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American National Bank Building (1963), 8701 Georgia Avenue

by clare lise kelly on March 30th, 2012

Montgomery Modern

This article has been corrected with two facts: the exterior panels are glass, not porcelain, and in the summer of 2012, the horizontal band over the parking lot entrance was taken down for construction of 8711 Georgia Avenue. Thanks to readers for your comments. Clare Lise Kelly 9-12-12

Designed by architect Edwin Weihe in 1960, the American National Bank Building, at 8701 Georgia Avenue, is a fine example of an International style office building. When it opened in 1961, it was the tallest building in Silver Spring and featured several design innovations.

 

Architect Edwin Weihe placed the building’s heating, cooling, and elevator equipment in a low roof penthouse, designed so that it is not immediately apparent from the streetview. Real estate columnist Joseph Byrne, of the Washington Star, observed that Weihe’s design followed advice of the Washington Fine Arts Commission to avoid ugly penthouses prominent in Washington’s skyline by 1961.

The structure has precast quartz mullions that are welded to the steel frame.  Each mullion is 6 inches wide, 8 inches deep and 10 feet tall, and weighes 800 pounds.  Two metal plates are embedded into the cast mullions and welded to metal plates sunk into the concrete superstructure.

A historic view of this building shows how little it has changed.  One element that has been lost is the horizontal band at the street level that connects the parking lot entrance to the main building. This element was taken down in July 2012 for the construction of 9711 Georgia Avenue.

The modernist building with green glass panels certainly bear witness to the influence of such a landmark as Gordon Bunshaft’s Lever House which dates from 1952.  Lever House, Park Avenue, New York City, was a harbinger of the glass curtain wall technology that predominated mid-century commercial buildings.  Note the horizontal section next to the tower, and the Le Corbusier style pilotis, both echoed in the American National Bank building.

Architect Edwin Armstrong Weihe (1907-1994) had a major influence on the development of downtown Washington.  Known as “Mr. Zoning” for his active role in modernizing city codes, he pioneered the innovative use of concrete in Washington, DC, and was known for his use of pedestrian arcades and graduated setbacks.

Specializing in office buildings, hotels, apartment buildings, mixed use buildings and other commercial structures, Weihe’s firm designed more than 90 office buildings in the K Street corridor and elsewhere in the District, and more than 100 large buildings in Crystal City, Bailey’s Crossroads, and other urban centers.  In Montgomery County, Weihe designed several other mid-century projects in the Silver Spring area including a store and apartment at 7614 Georgia Avenue NW (1940); Rock Creek Gardens apartments (1948), near Grubb Road and East West Highway; and Cape Cod houses for Carroll Knolls subdivision of 200 dwellings (1948), Forest Glen; and the F. W. Woolworth & Co. store (1954), Flower Avenue Shopping Center.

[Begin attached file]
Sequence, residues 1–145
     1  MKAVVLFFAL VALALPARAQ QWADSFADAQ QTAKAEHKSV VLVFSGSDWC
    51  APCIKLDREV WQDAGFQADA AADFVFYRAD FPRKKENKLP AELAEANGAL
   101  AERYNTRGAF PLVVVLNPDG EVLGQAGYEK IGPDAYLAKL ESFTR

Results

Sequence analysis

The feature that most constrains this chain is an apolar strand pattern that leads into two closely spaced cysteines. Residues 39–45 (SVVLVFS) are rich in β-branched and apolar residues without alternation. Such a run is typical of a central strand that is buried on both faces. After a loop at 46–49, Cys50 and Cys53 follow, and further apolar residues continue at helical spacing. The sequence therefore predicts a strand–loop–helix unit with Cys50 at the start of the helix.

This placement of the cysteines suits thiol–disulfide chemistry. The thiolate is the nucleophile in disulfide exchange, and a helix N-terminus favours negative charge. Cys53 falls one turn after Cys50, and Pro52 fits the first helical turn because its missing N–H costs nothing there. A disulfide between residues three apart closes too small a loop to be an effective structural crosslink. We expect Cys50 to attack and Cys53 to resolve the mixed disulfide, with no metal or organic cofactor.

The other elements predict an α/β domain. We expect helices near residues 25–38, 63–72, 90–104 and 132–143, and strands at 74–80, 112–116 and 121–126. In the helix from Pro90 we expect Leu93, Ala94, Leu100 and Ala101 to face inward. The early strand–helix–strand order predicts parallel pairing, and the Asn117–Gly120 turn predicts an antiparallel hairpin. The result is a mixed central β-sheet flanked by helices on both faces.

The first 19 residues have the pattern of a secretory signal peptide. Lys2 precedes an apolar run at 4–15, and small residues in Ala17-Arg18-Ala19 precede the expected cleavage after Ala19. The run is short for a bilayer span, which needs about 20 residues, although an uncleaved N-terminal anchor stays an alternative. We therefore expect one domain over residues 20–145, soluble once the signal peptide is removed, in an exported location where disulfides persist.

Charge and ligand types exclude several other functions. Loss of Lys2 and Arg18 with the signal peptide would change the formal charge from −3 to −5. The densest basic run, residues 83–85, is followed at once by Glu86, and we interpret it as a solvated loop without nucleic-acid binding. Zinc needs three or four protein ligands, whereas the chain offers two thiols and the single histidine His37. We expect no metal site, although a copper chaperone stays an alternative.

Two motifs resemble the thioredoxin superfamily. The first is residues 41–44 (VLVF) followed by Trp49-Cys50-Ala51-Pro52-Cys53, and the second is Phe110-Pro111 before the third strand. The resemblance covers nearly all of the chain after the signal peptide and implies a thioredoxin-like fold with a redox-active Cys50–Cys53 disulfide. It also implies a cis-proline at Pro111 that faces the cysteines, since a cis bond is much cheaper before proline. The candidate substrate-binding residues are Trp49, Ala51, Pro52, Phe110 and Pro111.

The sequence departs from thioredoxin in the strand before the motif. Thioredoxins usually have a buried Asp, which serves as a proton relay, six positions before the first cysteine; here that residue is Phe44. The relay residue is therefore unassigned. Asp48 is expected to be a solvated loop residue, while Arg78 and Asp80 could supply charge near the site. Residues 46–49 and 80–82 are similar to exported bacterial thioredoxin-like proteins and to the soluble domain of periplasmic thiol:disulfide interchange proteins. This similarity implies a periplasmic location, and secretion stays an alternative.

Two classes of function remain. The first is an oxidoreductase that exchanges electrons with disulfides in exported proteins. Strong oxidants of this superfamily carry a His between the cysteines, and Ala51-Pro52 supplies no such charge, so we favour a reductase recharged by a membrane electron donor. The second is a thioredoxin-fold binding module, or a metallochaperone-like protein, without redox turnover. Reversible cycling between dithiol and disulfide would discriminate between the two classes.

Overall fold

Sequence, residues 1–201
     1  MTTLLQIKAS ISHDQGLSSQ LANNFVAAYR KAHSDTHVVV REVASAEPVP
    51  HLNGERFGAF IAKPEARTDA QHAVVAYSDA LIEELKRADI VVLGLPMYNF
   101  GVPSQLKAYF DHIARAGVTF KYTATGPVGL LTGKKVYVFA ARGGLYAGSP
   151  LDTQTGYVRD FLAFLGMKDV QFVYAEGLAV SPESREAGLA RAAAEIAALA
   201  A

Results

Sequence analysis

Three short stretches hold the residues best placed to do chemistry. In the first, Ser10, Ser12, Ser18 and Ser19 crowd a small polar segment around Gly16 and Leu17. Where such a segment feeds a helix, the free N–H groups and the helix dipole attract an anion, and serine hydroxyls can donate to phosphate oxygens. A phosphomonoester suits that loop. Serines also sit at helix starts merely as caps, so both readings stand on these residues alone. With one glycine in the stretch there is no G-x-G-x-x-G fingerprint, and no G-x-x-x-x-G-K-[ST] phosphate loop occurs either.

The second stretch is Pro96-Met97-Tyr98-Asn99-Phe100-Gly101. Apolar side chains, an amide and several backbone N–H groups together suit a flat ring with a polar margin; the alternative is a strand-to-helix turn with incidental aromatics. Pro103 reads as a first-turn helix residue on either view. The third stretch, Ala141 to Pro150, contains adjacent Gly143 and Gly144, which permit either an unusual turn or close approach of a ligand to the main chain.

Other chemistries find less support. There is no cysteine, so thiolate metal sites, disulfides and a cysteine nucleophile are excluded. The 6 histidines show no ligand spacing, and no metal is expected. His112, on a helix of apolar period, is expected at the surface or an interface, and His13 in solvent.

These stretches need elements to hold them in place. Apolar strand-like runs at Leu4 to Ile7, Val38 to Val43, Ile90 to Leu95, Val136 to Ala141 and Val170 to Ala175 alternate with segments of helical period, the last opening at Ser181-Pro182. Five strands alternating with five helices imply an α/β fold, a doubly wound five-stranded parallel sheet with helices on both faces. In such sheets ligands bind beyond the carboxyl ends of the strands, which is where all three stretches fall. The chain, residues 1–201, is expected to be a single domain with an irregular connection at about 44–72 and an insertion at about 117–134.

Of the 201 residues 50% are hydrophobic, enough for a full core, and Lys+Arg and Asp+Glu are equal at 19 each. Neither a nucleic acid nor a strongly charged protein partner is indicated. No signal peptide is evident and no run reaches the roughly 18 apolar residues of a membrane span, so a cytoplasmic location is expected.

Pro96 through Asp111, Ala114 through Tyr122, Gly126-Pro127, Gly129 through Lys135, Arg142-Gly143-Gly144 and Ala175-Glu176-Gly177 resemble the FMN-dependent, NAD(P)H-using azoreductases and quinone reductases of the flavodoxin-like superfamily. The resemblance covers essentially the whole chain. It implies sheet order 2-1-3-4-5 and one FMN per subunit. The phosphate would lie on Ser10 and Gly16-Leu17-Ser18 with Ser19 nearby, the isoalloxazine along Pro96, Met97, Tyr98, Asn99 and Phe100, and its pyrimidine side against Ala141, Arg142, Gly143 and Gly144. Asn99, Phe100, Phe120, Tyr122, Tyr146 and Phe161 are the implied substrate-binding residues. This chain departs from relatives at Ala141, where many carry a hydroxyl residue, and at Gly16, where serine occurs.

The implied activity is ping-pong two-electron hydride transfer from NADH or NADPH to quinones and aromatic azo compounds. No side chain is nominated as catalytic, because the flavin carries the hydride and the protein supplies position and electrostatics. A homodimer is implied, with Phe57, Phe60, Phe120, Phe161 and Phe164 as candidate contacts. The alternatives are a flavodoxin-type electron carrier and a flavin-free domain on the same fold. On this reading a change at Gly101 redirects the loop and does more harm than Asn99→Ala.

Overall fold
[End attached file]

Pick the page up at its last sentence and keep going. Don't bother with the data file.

A member of the AIA from 1946, Edwin Weihe received the first lifetime achievement award ever bestowed by the Washington Chapter of the AIA, when he was presented with the Centennial Award in 1991.  He was recognized for being the first architect to promote flat plate concrete construction as a solution to the city’s building height restriction, as well as for his pioneering the use of precast concrete as building cladding in the District.  Edwin Weihe retired from active practice in 1987.  He died in 1994, at the age of 87.

In the design phase, the Silver Spring office building was originally called the Bank of Silver Spring but by the time it opened it was renamed the American National Bank, which company occupied the first and lower levels.  It is now known as the Zalco Building.

Montgomery Modern explores mid-century modern buildings and communities that reflect the optimistic spirit of the post-war era in Montgomery County, Maryland. From International Style office towers to Googie style stores and contemporary tract houses, Montgomery Modern celebrates the buildings, technology, and materials of the Atomic Age, from the late 1940s through the 1960s. A half century later, we now have perspective to appreciate these resources as a product of their time.

From → Architecture, Design

2 Comments
  1. This is a wonderful building. One of the things that separates the great from the average in Modern Architecture is an elegance and sophistication in detailing that other styles can circumvent with enough applied “makeup.” The example you cite, Lever House, stands apart from all its glass sheathed neighbors (save one) for that reason. That one is the Seagram Building, which if Modern Architecture has a Parthenon, this is it.

    Look at American National the same way, standing against lesser office buildings is SIlver Spring or K Street. The proportion of the spandrel panels to the vision glass, the sturdiness of the vertical mullions to the slenderness of the horizontal mullions, and the vacated corner (a bit like Seagram) are details that set this building apart.

    Thanks for bringing it to our attention.

  2. Clare Lise Kelly permalink

    Good point. Also, I like the way that the facade has the appearance of being solid as one approaches the building from a distance on Georgia Avenue, because the mullions have such depth. Then as one gets closer, the spaces between the mullions expand to reveal the grid of brilliant green glass.

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